SBJ/October 15 - 21, 2001/Opinion

What you see not always what you get

The term "clean and lien" is unfamiliar to most people, but last month it was a welcome addition to the vocabulary of those frequenting the intersection of Scottsdale and McDowell roads in Scottsdale, Ariz. That city's directive, ordering the property owner to clean up or face legal action, meant that the piles of tangled debris that for a year had defaced the 42-acre site of what used to be a shopping center would be hauled away. The job has been done, and while it left the place less than spic and span, it at least was an improvement over its former, wrecked state.

But unfortunately for those who live in the area, and for the municipality as a whole, the problem of what to do with the derelict lot didn't leave with the dump trucks. A new arena for the National Hockey League's Phoenix Coyotes was supposed to be built there, but now it won't be, the project lately having been moved to Glendale, another Phoenix suburb.

Putting up something else will require further dealings with Steve Ellman, the man who owns the property as well as the Coyotes. As Scottsdale has found out, those aren't easy.

The Scottsdale arena saga is a strange one, worth recounting as a cautionary tale to other cities mulling similar endeavors. It shows that what you see — or think you see — isn't necessarily what you get.

What Scottsdalers thought they were getting when they okayed the public-finance underpinnings of the project in elections in May and November of 1999 wasn't just an arena but a plan that would bring shops, restaurants, movie theaters and a public ice rink to a site that had been all but abandoned when the local retailing action moved elsewhere. Indeed, recognizing that the prospect of having a hockey stadium plunked down in a busy part of a busy town wouldn't be universally applauded, proponents soft-pedaled that part of the package. Their ad campaign promised "neighborhood revitalization" in the form of a spiffy place where people could recreate happily whether or not they cared about the wintry sport.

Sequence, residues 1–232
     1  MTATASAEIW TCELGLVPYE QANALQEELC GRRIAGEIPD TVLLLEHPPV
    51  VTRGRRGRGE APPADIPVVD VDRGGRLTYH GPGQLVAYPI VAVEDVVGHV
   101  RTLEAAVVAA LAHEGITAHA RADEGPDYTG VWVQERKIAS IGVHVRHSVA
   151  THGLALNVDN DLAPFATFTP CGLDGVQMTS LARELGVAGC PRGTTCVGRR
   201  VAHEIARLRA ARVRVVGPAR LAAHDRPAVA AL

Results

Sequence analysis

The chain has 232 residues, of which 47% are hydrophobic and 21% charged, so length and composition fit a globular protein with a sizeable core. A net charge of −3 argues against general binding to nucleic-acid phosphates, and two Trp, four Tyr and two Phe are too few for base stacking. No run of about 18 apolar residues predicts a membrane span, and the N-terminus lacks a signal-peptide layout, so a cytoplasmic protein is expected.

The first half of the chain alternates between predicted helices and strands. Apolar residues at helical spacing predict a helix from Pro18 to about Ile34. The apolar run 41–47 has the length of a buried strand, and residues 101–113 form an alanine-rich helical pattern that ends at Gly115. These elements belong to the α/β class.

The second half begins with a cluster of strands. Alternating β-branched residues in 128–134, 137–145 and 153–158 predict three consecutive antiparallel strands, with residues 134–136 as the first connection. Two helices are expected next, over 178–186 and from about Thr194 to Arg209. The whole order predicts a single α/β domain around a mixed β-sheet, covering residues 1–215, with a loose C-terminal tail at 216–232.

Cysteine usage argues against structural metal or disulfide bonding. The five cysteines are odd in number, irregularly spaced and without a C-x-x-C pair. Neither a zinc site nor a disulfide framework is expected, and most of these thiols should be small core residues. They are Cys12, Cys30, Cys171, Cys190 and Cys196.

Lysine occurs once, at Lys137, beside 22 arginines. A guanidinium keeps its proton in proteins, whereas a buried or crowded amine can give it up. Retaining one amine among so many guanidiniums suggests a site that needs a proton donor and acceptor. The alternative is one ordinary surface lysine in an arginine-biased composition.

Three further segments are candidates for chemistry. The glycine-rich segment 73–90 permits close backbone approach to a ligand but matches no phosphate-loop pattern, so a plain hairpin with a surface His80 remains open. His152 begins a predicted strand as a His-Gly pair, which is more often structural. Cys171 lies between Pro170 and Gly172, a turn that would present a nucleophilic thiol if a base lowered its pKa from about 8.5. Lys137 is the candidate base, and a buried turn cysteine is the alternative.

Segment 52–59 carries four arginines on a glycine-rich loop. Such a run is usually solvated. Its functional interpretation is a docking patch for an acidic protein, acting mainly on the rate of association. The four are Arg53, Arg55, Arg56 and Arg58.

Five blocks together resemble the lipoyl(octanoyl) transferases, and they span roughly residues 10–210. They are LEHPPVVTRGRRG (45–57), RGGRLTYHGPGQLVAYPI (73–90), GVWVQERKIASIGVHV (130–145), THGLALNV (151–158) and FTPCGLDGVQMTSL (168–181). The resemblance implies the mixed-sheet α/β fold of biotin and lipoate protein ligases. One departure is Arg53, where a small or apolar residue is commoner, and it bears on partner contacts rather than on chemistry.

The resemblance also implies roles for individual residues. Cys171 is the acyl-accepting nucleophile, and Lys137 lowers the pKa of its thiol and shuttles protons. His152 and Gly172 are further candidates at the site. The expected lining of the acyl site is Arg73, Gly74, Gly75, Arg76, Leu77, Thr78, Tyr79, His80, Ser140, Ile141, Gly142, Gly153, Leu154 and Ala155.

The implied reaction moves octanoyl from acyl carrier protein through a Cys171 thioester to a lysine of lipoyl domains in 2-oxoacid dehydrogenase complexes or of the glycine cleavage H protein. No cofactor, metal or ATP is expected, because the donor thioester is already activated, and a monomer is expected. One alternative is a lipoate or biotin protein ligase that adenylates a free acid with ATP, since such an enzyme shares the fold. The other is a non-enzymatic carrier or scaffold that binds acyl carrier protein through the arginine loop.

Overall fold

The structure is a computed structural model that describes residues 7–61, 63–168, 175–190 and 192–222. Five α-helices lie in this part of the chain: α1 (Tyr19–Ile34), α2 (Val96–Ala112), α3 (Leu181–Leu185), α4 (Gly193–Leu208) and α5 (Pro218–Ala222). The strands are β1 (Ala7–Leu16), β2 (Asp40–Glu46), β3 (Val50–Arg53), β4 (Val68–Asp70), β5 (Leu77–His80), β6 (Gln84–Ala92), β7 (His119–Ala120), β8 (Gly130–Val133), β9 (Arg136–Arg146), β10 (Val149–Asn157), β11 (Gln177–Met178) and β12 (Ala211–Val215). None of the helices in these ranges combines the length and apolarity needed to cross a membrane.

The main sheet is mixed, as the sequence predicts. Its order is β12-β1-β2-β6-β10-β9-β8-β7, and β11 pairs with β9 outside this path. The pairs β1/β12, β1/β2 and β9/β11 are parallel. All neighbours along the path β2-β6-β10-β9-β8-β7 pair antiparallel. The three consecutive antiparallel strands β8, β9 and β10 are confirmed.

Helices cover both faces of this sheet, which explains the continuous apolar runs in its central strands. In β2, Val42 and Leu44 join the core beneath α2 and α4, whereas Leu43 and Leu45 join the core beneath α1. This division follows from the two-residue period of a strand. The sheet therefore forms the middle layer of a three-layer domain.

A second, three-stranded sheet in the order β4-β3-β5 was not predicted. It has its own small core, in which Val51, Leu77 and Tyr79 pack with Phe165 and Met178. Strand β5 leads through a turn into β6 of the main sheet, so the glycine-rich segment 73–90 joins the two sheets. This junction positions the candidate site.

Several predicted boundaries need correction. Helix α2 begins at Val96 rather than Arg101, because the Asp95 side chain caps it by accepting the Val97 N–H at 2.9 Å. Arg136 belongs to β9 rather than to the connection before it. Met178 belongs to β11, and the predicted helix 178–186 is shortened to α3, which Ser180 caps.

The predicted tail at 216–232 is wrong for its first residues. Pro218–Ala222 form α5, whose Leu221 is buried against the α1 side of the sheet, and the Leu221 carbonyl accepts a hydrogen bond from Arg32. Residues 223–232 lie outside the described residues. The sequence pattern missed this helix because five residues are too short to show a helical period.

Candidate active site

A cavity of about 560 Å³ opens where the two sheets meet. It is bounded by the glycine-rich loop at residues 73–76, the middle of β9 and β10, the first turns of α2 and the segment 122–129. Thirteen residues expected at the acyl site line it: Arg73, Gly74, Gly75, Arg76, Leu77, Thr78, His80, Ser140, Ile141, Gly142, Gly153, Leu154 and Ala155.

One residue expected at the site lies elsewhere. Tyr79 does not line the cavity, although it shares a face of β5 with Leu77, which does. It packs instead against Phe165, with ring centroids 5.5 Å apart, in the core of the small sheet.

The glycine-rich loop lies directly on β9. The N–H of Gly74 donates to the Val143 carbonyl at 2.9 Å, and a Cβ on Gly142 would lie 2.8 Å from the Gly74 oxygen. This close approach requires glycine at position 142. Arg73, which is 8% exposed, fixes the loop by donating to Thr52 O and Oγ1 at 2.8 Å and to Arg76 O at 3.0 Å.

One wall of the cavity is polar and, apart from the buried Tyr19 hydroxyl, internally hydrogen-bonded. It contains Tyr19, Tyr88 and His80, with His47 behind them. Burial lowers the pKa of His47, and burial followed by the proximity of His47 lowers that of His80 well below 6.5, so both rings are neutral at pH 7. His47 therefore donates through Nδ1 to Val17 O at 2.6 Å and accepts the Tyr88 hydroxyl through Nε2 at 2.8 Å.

But once the votes were in and things got down to cases, the picture changed. The public ice rink was jettisoned early on, and difficulties were reported in finding stores and places of entertainment willing to compete with hockey crowds on 45 to 50 nights a year. The Coyotes' owners wanted out, and real estate developer Ellman scrambled to buy the team to save his investment. He did, but not before various construction and financing deadlines on the project had passed unmet.

Scottsdale City Council elections were held in March 2000 and, partly out of voter exasperation with the arena dickering, candidates critical of the project were elected. That didn't help the negotiations, but neither did the rubble of the site's razed shopping center, which Ellman and his minions left as a kind of hostage.

Resolution, if you can call it that, came last July, when Ellman suddenly announced that he'd gotten a better deal from Glendale. That burg had tried and failed to land the new football stadium the area's citizens had approved for the pro football Arizona Cardinals. To recoup, Glendale offered the entire $180 million it's supposed to take to build the Coyotes' new domicile, exempted the team from property taxes and let it keep all the hockey revenues plus most others generated from the building. In return, Ellman agreed to put up an adjacent multiuse (and taxes-generating) complex much bigger than the one envisioned for Scottsdale.

No Glendale official has publicly admitted to any sense of unease over the deal, either at first or when the new project's groundbreaking was set back from this month to December or January, or when Scottsdale had to threaten the above-mentioned legal action to get Ellman to pick up his mess on its grounds. But that he finally did it doesn't mean his slate is clean.

Frederick C. Klein is a columnist for SportsBusiness Journal.

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